* The Comet Nucleus Tour (CONTOUR) mission to fly closely by three comets is scheduled for launch in June 2002.

More information on the Deep Impact mission, including images and animations of the impact, is available on the Internet at:

http://deepimpact.jpl.nasa.gov/

http://deepimpact.umd.edu/


Story Source:

The above story is based on materials provided by National Aeronautics And Space Administration. Note: Materials may be edited for content and length.


Cite This Page:

National Aeronautics And Space Administration. "NASA Gives Green Light For Deep Impact Mission Development." ScienceDaily. ScienceDaily, 28 May 2001. <www.sciencedaily.com/releases/2001/05/010528085646.htm>.
National Aeronautics And Space Administration. (2001, May 28). NASA Gives Green Light For Deep Impact Mission Development. ScienceDaily. Retrieved October 25, 2014 from www.sciencedaily.com/releases/2001/05/010528085646.htm
National Aeronautics And Space Administration. "NASA Gives Green Light For Deep Impact Mission Development." ScienceDaily. www.sciencedaily.com/releases/2001/05/010528085646.htm (accessed October 25, 2014).

Share This



More Space & Time News

Saturday, October 25, 2014

Featured Research

from universities, journals, and other organizations


Featured Videos

from AP, Reuters, AFP, and other news services

Raw: China Launches Moon Orbiter

Raw: China Launches Moon Orbiter

AP (Oct. 24, 2014) China launched an experimental spacecraft Friday to fly around the moon and back to Earth in preparation for the country's first unmanned return trip to the lunar surface. (Oct. 24) Video provided by AP
Powered by NewsLook.com
China Prepares Unmanned Mission To Lunar Orbit

China Prepares Unmanned Mission To Lunar Orbit

Newsy (Oct. 23, 2014) The mission is China's next step toward automated sample-return missions and eventual manned missions to the moon. Video provided by Newsy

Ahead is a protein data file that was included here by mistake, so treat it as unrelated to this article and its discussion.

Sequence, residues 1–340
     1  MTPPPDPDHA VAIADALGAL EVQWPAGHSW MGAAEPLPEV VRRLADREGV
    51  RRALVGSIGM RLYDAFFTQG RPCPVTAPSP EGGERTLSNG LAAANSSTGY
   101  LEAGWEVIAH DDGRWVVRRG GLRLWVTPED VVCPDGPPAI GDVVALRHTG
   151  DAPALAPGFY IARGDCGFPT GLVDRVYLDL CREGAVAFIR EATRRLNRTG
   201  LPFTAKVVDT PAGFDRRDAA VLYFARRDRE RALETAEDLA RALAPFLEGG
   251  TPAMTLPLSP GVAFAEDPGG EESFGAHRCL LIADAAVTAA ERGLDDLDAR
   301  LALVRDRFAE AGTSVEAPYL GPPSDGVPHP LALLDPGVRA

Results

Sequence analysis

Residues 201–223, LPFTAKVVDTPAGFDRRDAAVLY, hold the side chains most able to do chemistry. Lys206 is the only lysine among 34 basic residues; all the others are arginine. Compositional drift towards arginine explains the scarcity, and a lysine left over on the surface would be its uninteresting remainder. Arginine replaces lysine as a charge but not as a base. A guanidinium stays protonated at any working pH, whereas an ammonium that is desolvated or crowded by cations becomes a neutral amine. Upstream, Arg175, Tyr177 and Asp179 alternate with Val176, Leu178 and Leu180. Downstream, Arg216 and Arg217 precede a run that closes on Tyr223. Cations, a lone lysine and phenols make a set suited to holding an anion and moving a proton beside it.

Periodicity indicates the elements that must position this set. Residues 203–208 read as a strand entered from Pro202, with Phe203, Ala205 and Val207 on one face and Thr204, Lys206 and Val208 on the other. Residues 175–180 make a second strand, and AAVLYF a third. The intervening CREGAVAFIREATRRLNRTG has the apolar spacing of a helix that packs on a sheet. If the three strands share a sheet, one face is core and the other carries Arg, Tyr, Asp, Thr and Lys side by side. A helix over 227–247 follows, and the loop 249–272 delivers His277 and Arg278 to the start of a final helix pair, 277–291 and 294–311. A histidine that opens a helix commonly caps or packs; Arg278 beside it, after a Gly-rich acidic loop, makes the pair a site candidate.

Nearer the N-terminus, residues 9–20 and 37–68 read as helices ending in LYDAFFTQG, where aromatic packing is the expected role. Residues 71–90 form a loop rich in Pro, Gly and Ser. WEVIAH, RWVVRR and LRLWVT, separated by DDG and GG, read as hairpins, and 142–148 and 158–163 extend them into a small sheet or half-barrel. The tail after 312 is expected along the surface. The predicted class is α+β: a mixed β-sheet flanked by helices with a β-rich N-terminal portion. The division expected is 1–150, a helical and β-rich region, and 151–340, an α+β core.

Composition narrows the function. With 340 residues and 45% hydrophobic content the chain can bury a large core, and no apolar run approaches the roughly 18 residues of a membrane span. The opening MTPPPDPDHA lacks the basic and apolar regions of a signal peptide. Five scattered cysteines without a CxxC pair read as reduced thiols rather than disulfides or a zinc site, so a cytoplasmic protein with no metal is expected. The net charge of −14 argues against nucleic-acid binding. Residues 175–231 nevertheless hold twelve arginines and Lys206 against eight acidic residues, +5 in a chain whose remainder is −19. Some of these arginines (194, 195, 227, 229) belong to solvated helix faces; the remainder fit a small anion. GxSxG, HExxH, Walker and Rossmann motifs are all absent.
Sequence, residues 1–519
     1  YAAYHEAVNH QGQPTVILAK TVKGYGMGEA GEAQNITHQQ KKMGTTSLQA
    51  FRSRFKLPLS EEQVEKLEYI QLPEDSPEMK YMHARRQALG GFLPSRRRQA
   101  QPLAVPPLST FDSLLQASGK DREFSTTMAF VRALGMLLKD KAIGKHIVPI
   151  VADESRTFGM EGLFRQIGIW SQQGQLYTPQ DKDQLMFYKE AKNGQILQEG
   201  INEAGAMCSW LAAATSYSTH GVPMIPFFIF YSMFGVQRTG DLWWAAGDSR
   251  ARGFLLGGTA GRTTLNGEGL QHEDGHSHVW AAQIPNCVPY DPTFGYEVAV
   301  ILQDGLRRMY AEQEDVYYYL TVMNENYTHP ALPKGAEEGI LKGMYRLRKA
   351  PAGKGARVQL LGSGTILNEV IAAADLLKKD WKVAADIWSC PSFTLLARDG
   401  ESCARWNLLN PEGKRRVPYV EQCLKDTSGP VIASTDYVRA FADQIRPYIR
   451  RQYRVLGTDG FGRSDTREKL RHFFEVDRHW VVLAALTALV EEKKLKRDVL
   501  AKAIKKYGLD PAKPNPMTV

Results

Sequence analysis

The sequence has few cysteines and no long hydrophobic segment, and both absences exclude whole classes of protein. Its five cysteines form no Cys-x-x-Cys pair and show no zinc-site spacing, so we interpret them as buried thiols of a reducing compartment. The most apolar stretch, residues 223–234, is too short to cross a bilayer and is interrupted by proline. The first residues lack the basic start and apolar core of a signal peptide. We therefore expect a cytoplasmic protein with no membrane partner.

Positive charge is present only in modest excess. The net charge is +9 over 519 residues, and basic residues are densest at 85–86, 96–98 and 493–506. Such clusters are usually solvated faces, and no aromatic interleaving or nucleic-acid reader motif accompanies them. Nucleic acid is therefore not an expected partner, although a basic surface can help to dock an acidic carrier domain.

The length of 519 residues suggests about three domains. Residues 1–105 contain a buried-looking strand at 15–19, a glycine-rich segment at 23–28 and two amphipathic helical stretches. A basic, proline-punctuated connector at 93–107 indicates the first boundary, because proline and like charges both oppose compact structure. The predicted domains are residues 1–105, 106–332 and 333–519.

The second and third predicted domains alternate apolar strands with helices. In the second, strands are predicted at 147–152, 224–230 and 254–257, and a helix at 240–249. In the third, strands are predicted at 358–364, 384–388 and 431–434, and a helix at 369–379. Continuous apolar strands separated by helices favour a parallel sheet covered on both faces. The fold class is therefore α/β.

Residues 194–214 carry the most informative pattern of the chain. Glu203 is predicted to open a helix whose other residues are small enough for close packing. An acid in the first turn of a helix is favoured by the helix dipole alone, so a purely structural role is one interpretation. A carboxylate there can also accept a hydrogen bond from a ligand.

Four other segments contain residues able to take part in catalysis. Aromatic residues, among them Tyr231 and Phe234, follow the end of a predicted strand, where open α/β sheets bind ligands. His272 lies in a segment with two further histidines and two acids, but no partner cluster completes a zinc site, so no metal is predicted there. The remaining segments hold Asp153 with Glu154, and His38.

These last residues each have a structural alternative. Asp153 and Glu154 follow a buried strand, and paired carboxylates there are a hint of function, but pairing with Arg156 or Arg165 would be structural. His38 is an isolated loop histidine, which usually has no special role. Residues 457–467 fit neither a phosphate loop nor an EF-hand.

Powered by NewsLook.com
Russian Cosmonauts Kick Off Final Spacewalk of 2014

Russian Cosmonauts Kick Off Final Spacewalk of 2014

Reuters - US Online Video (Oct. 22, 2014) Russian cosmonauts Maxim Suraev and Alexander Samokutyaev step outside the International Space Station to perform work on the exterior of the station's Russian module. Rough Cut (no reporter narration) Video provided by Reuters
Powered by NewsLook.com
Comet Siding Spring Grazes Mars' Atmosphere

Comet Siding Spring Grazes Mars' Atmosphere

Newsy (Oct. 19, 2014) A comet from the farthest reaches of the solar system passed extremely close to Mars this weekend, giving astronomers a rare opportunity to study it. Video provided by Newsy
Powered by NewsLook.com

Search ScienceDaily

Number of stories in archives: 140,361

Find with keyword(s):
Enter a keyword or phrase to search ScienceDaily for related topics and research stories.

Save/Print:
Share:

Breaking News:

Strange & Offbeat Stories


Space & Time

Matter & Energy

Computers & Math

In Other News

... from NewsDaily.com

Science News

Health News

Environment News

Technology News



Save/Print:
Share:

Free Subscriptions


Get the latest science news with ScienceDaily's free email newsletters, updated daily and weekly. Or view hourly updated newsfeeds in your RSS reader:

Get Social & Mobile


Keep up to date with the latest news from ScienceDaily via social networks and mobile apps:

Have Feedback?


Tell us what you think of ScienceDaily -- we welcome both positive and negative comments. Have any problems using the site? Questions?
Mobile: iPhone Android Web
Follow: Facebook Twitter Google+
Subscribe: RSS Feeds Email Newsletters
Latest Headlines Health & Medicine Mind & Brain Space & Time Matter & Energy Computers & Math Plants & Animals Earth & Climate Fossils & Ruins